I particularly liked this bit too:
Sometimes regulations achieve something that would happen anyway. You do not need a regulation to stop chimney sweeps sending small boys up chimneys. The invention of the flexible brush and the vacuum cleaner has made that as unnecessary as it is undesirable.
So let’s see. In the thirty years between the Climbing Boys Act of 1875, which finally outlawed the practice of sending children up chimneys, and the invention of the vacuum cleaner in 1905, how many children would have been killed or injured?
“It’s alright, young Tom, you may be suffering from broken limbs and consumption but don’t worry, someone will invent the vacuum cleaner in thirty years and it will all be over.”
And what about this?
Employment regulation is one of the causes of the continuing flight of manufacturing beyond these shores.
Really? I thought the main cause was that the Chinese produce a lot of things far more cheaply than we can. Even without any employment protection at all, British workers could not work for Chinese wages.
As for personal privacy, don’t be fooled. John Redwood might be against ID cards but he’s quite happy for his corporate cronies to compile databases about you.
Data Protection.We recommend the repeal of this expensive bureaucracy, which fails to protect people’s data. The ever growing power of the internet and computers means we all end up on ever more lists, whether we want to or not.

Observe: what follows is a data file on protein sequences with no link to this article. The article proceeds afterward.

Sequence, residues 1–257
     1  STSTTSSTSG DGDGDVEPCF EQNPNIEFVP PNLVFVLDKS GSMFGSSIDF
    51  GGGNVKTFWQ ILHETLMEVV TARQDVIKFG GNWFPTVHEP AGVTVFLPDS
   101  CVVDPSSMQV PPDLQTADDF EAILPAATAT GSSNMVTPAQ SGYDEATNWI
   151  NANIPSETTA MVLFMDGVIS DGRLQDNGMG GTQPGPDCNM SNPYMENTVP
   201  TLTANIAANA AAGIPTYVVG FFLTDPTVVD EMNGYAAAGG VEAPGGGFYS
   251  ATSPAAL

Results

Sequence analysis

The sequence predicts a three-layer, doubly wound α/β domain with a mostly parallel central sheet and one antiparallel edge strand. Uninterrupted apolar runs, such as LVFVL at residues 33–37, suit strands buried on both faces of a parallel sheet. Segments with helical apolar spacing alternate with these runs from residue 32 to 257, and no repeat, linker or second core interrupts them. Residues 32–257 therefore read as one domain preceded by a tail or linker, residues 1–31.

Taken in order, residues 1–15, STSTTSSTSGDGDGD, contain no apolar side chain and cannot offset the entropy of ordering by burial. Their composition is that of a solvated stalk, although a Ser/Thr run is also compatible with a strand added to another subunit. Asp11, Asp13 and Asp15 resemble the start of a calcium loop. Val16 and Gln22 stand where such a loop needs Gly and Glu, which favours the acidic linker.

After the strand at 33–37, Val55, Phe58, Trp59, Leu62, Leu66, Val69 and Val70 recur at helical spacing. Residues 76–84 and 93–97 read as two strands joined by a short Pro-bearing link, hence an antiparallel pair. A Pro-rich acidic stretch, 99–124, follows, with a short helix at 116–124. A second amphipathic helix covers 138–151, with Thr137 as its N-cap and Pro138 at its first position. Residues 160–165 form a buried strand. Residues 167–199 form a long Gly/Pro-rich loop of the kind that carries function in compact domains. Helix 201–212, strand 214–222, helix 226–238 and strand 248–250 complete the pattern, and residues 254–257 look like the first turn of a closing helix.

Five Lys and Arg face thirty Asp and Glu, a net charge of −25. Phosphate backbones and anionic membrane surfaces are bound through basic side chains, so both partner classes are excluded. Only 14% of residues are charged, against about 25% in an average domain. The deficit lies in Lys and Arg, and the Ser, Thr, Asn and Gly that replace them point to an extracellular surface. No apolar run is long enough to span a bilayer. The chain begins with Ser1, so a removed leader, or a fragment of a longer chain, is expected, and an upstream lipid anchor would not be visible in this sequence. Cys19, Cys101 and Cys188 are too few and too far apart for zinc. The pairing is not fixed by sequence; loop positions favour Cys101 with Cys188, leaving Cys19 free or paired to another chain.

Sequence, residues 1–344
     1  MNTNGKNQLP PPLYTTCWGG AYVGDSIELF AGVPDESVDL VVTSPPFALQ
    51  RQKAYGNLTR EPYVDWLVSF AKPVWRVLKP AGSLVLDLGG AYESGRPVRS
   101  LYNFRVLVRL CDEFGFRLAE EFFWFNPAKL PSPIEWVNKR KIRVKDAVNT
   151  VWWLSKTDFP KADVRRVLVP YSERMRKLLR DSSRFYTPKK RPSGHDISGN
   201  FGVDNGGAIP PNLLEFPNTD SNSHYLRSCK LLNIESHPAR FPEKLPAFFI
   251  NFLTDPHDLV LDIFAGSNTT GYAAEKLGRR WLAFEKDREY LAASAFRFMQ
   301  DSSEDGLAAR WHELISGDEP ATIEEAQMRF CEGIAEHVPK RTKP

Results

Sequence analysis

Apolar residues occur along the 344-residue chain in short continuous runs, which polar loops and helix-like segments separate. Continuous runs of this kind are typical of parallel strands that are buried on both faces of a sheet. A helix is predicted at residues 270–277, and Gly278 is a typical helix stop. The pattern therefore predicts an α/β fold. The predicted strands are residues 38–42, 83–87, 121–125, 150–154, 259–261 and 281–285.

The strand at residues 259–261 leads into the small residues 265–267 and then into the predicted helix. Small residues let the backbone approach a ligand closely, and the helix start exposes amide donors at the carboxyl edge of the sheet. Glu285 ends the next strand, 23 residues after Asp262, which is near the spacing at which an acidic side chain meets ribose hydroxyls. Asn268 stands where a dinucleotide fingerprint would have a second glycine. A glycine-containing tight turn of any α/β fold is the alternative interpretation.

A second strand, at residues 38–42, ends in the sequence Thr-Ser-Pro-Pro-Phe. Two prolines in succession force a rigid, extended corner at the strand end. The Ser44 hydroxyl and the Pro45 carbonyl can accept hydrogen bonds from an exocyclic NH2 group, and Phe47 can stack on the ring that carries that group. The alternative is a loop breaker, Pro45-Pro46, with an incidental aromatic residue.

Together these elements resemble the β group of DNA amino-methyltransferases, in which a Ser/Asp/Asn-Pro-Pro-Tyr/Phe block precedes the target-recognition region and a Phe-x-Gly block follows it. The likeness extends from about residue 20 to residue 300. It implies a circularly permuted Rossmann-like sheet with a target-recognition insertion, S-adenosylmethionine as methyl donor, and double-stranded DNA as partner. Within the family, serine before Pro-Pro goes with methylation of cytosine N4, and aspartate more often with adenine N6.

So you might as well just roll over and die then. It’s inevitable that big companies are going to put your details on databases without you knowing about it, so you’d better just get used to it.
I’m as worried, if not more so, about what private companies might do with this data than I am about the government’s intentions. Insurance companies would love to get their hands on medical, lifestyle and genetic data, so that they could cherry-pick the least risky clients and leave the rest of us uninsured. Companies might also use such information to screen out potential employees. Personal data could be stolen or inadvertently sold to criminal organisations, which could lead to identity theft or even blackmail. When my own personal privacy is at stake, I’d prefer to rely on regulation to protect me rather than the market and voluntary codes of conduct. This is one area where I would like to see a bit more red tape.
Don’t get me wrong. There are some good suggestions in this report, such as breaking up the BAA monopoly of London airports, scrapping IR35 and restoring the Social Chapter opt out. However, much of it smacks of a yearning by company bosses for the good old days, when they could exploit both consumers and employees and get away with it, even to the point of endangering lives.
I’m all for getting rid of unnecessary regulation but not at the expense of basic protection for consumers and employees. If David Cameron has any sense, he will keep this report and the people who wrote it at a safe distance.